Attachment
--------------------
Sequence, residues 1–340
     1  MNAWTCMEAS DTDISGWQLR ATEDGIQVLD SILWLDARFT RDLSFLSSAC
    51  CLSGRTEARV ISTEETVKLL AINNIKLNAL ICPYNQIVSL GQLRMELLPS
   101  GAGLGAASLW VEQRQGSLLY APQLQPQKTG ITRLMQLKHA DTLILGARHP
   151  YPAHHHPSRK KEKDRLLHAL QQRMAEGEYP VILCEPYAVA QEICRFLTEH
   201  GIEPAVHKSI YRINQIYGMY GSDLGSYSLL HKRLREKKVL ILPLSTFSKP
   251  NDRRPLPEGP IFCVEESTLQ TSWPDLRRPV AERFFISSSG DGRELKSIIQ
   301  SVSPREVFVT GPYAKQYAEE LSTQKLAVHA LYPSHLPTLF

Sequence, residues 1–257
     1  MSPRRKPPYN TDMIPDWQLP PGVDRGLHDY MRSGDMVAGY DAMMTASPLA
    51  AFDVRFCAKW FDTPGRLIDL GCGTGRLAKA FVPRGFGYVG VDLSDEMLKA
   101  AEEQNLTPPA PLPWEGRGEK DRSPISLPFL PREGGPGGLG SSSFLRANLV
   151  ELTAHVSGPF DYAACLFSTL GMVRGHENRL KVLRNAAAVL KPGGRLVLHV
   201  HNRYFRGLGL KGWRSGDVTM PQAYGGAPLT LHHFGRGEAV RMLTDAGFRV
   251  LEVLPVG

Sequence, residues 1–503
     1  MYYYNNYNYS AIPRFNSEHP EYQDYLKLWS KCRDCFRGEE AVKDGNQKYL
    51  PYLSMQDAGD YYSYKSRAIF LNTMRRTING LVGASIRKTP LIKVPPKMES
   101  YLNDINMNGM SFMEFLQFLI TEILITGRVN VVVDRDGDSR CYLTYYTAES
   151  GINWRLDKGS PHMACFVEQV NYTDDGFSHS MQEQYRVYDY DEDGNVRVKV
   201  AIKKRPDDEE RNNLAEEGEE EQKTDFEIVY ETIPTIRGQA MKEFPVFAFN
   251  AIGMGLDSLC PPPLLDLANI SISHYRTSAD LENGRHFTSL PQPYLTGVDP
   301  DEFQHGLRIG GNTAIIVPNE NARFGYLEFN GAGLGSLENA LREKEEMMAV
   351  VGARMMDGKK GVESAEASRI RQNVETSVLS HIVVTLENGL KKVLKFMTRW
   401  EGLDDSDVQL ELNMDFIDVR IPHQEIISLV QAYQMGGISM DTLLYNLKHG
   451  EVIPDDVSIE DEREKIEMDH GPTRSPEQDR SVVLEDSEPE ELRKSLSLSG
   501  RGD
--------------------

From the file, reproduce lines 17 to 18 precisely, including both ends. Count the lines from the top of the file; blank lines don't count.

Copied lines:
     1  MYYYNNYNYS AIPRFNSEHP EYQDYLKLWS KCRDCFRGEE AVKDGNQKYL
    51  PYLSMQDAGD YYSYKSRAIF LNTMRRTING LVGASIRKTP LIKVPPKMES